Stephen Fry does not do print interviews. “Journalists are fucking scum,” he says, before adding amicably that we are not “quite scum yet”. “At least if you do a TV or radio interview, someone can look at you and say ‘I think he’s a bastard and I really don’t like him’, but it’s you they don’t like, not you filtered through the selective memory of a journalist.” We meet just before Fry is about to speak at the Union, and he is clearly looking forward to the chance to talk about himself without mediation.
While he seems at home in the plush surroundings of the Union, Fry has a tumultuous relationship with prestigious institutions. In the latest volume of his autobiography, More Fool Me, he revealed that he has taken cocaine in a variety of prominent locations, from Buckingham Palace to Fortnum & Mason. Today he is more cautious with his vices: “I don’t like taking sleeping pills, because I think I might get addicted to them; I have such an addictive personality.”
After a 15-year addiction to the drug, Fry is now clean, but he still feels acutely the pressures of fame and its impact on his mental health. Fry is famously candid about his experiences with bipolar disorder, and today he admits, “at the moment I’m slightly hypermanic.” The pressure on his time is palpable; his two phones ping alternately throughout the interview and a member of his entourage hovers anxiously at the door.
While he is keen to assure me that “it sounds awful to complain about fame”, Fry is open about the pitfalls of being well known. In a characteristic rhetorical flourish, he compares the drawbacks of fame to eating al fresco: “I always say; it’s a bit like a picnic. Everyone says, ‘Ah it’s a picnic, it’s a really good thing: jam, sandwiches, chicken, bottle of claret – but you get wasps. Sometimes the wasps are journalists, or being stopped for one selfie that turns into a hundred.”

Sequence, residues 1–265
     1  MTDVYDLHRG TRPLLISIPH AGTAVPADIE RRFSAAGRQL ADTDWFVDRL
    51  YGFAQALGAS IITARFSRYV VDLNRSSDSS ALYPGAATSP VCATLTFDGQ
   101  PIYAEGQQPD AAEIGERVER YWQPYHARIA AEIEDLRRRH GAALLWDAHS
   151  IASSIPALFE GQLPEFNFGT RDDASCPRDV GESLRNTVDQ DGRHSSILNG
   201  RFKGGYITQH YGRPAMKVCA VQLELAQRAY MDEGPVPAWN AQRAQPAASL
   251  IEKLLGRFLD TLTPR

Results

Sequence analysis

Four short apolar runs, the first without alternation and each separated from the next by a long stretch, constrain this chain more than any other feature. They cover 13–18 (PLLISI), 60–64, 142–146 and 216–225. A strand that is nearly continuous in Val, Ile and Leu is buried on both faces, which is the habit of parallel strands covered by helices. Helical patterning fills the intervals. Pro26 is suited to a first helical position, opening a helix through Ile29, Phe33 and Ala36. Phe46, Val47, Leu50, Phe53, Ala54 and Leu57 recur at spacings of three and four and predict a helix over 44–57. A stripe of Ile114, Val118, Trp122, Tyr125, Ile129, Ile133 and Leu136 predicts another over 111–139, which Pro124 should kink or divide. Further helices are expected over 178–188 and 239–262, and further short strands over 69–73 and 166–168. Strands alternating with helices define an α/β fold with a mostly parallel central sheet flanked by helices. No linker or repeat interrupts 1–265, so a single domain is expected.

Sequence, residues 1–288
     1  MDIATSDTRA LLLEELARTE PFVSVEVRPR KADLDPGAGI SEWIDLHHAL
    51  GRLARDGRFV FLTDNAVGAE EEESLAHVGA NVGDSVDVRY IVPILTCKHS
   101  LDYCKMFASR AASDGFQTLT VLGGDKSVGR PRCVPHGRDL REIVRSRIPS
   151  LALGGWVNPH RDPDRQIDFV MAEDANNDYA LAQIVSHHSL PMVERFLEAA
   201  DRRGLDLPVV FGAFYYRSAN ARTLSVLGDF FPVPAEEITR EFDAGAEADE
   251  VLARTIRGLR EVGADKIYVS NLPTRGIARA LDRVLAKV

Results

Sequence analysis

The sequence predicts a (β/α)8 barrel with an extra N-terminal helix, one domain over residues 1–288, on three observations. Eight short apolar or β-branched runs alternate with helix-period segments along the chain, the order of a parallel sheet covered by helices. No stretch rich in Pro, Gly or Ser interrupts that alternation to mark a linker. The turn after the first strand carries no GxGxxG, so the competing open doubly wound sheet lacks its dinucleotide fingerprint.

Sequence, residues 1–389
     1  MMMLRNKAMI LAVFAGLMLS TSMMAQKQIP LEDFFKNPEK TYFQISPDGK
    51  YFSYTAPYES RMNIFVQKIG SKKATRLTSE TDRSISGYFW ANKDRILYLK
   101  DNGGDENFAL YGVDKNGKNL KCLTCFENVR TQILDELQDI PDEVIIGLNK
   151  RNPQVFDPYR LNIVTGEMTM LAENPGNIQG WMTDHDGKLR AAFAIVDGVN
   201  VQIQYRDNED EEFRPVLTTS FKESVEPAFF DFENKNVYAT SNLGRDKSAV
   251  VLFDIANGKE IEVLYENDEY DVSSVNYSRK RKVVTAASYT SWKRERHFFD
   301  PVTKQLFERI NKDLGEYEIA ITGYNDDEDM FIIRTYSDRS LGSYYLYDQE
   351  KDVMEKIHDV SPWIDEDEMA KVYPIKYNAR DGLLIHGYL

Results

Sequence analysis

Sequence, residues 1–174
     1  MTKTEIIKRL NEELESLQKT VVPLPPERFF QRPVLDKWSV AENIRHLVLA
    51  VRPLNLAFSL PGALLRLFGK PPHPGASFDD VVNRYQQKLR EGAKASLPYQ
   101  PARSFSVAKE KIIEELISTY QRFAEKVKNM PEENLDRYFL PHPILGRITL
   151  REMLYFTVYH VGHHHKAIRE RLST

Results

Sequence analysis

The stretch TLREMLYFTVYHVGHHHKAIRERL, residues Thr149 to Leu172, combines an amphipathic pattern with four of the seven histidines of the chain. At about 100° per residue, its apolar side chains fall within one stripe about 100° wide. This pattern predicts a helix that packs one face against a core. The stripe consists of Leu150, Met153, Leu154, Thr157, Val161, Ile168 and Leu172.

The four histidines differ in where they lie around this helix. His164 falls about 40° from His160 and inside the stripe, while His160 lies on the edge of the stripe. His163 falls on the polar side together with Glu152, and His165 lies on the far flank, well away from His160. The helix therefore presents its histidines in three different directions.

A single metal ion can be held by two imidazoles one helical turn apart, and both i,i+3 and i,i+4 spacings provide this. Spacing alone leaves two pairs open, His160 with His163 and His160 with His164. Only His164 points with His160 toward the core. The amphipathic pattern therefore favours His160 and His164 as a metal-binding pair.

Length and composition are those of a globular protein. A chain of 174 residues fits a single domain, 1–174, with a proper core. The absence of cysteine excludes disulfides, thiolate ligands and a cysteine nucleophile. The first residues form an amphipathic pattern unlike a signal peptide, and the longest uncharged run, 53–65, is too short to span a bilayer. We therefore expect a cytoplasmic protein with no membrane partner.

There are the minor irritants of “selfie scrums” – and print interviews – but Fry’s difficult relationship with fame has made him unable to leave the house in fear of being recognised.
“There’s no question that the pressures of fame – which sounds like a pathetic thing to say, because all life is full of pressures – but the particular pressures of fame can occasionally, in the case of bipolar disorder, make it more extreme.
“You’re incredibly reluctant to go out if you’re depressed – incredibly reluctant to see the world, to look it in the eye. If you’re well known it’s much, much harder to go out of the house and not be stopped. There is this awful need to stick a smile on your face because otherwise people will think, “He’s a misery, isn’t he?”
Manic episodes are no easier to manage: “If you’re exuberant, you are all the more vulnerable to doing something or saying something really stupid.”
An intense awareness of his public image characterises Fry’s meditations on mental health and his interactions with journalists. Countless panel shows and Radio 4 programmes have cemented his reputation as a national treasure, and his persona is one of avuncular amiability. Fry is well liked among children as well as adults; hearing the word “fuck” in the voice known for narrating the Harry Potter audiobooks remains jarring.
Despite this pre-teen popularity, Fry is no stranger to controversy. In the weeks before we meet, he has landed himself in hot water due to a Newsnight interview in which he discussed the historic sexual activities of ex-BBC presenters. Claiming that 14-year-old girls who had sex with rockstars were proud of their sexual pasts, Fry disputed the use of the term ‘victim’. Speaking about Operation Yewtree, he criticises the investigation into his friend Paul Gambaccini:
“I was talking to [Paul Gambaccini] who was a victim of Yewtree – and I use that word because the police treated him absolutely abominably – and they eventually told his lawyer that they thought there was a three to five per cent chance of actually getting enough evidence to charge him – not a three to five per cent chance of conviction.”
While his comments on Operation Yewtree and Twitter trolls are certain to keep Fry in the public eye for the foreseeable future, he is less sure about his upcoming projects. He suggests the possibility of a BBC series called Sh, in which he would explore what he considers a “unique form of mental distress”: self-harm.
“I’d be really interested to find out why children could do something as awful as to cut a knife into their precious bodies.” He recalls a line of Wilfred Owen’s; those “limbs so dear-achieved”.
It was an encounter during a speaking engagement at Bedales, a liberal independent school in Hampshire, which sparked Fry’s fascination with the issue. After discussing Sh, a pupil approached him to say that there was “a fucking epidemic” of self-harm at the school. He admits to knowing little about the problem, but the meeting forced him to question what he thought lay behind the desire to self-harm: “Is it a terrible social thing about poverty?” Or, he asks, bringing the problem closer to his own realm of experience – “is it wanting to be noticed?”